‘Child labour’ deprives children of more than just their ‘childhood’. It takes away from them their dignity and potential for a bright future. Child labour, in its most extreme forms, involves children being exposed to hazards, enslaved and/or left alone on the streets of big cities like Mumbai. It is a violation of fundamental human rights and it hinders the growth of an entire nation.
Reducing child labour is one of the significant challenges that India faces today. As per Census 2011, 3.9 per cent of the total child population (10.1 million) is involved in child labour. The Government of India has formulated several laws to prevent child labour, but their implementation often falls short. This is often due to gaps that exist, from lack of awareness and sensitivity among masses and stakeholders at different levels, to inadequate resources and the lack of trained staff to address issues on ground.
Civil society organisations work between these lines to fill in the gaps and bridge the divide between policies and its implementation. They often do this work collaboratively, such as via the national ‘Campaign Against Child Labour’ which seeks to address the question of child labour at the systemic level.
At the organisational level, YUVA Urban Initiatives has been working to protect the rights of children. Especially through the CHILDLINE, 24-hour toll-free national emergency call service for children in distress, the team works to protect and rehabilitate children from adverse situations.
The team recently observed ‘World Day Against Child Labour’ through a detailed campaign that travelled across suburban Mumbai and Navi Mumbai (such as in Kurla, Dadar, Vashi station, Airoli, and Nerul station). The campaign was well aligned with the team’s larger objectives to spread awareness on child rights, including child labour, domestic child labour, and to do this in high density areas and reach the public at large.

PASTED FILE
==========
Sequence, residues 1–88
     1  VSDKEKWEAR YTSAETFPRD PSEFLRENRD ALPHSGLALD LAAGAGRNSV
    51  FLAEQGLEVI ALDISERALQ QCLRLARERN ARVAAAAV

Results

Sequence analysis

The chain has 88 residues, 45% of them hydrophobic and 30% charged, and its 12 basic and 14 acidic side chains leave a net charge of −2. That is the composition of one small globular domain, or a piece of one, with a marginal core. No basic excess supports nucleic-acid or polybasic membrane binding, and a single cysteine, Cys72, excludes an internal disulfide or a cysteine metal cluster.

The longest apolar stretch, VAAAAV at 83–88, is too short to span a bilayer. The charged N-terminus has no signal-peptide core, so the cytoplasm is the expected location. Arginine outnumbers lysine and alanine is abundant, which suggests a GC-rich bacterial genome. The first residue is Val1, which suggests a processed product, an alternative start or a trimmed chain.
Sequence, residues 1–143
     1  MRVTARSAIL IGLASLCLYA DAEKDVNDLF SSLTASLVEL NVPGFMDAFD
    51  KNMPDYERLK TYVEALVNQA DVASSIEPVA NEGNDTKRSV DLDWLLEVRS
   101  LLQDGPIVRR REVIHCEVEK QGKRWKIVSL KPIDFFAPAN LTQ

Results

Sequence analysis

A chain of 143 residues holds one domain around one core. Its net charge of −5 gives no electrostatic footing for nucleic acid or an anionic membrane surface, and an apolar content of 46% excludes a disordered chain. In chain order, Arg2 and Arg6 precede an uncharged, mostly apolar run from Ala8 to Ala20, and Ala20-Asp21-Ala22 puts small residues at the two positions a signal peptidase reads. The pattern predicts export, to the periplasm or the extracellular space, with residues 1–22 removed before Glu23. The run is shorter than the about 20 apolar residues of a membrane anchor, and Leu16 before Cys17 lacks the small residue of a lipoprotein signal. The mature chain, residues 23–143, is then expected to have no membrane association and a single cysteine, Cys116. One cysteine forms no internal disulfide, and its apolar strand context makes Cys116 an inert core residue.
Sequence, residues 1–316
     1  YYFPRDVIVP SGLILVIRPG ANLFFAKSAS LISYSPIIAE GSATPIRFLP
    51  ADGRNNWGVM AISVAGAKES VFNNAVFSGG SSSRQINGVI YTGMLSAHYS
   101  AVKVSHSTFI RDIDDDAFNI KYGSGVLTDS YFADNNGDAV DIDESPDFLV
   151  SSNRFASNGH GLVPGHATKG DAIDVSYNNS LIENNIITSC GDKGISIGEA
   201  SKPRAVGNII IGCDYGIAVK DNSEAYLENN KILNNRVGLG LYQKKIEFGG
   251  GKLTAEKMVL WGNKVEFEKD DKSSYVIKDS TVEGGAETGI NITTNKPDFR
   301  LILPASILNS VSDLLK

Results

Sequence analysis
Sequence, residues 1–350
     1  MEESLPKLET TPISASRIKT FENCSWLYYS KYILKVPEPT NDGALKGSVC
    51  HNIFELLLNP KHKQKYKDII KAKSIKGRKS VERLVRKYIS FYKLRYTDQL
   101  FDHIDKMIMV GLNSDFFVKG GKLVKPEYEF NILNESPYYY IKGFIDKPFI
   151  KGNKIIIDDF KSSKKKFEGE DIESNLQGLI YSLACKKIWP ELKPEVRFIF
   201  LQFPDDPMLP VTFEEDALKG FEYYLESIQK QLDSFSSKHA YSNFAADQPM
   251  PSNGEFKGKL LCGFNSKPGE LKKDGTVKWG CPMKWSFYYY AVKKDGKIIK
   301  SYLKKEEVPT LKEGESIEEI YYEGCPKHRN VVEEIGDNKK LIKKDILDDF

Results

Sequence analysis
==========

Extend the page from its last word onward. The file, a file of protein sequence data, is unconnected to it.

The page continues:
Through the campaign, drawing competitions, street plays and rallies were organised to sensitise children and adults and to educate them about child rights. Signature campaigns were organised, videos about child rights were shown, and discussions with youth and adults took place. The team also shared about the 1098 helpline number, which can be used to report cases of child labour.
An initiative like this is needed in India since there is such a high prevalence of child labour. Children from marginalised backgrounds are forced to work from a young age, depriving them of childhood and education. Our team aims to educate the people about the same and make systemic authorities more accountable. Currently, most people do not know about existing services, such as the online government Pencil Portal and special police unit that works to reduce child labour. In addition to this, the police are trained to fight child labour. However, a lot more still remains to be done to eradicate the problem.
Personally, I do think that a lot of young people like me are told that we are the future and how we are going to help the country in achieving growth and prosperity. However, a lot of children today (under 14) are made to work not only in horrible conditions but also without any guarantee of their safety. This diverts them from their education and other skills that they can learn, and prevents them from having a childhood. Tomorrow’s future is today’s children and if so many of them are not being educated or not being given the opportunities that they deserve, we as a country are not going to make a lot of progress, because progress rests on the shoulders of every single child. Most people in India have seen children working at shops or at stalls and we usually just turn a blind eye towards them. The educated, the privileged, the working class, everyone does the same. We expect the government and civil society organizations to take care of all this, although we can help them by reporting cases of child labour to 1098 too. Let’s collectively work to end child labour. We will not progress until we are able to ensure rights for every child.
– Vansh Jogani and Kisa Kazmi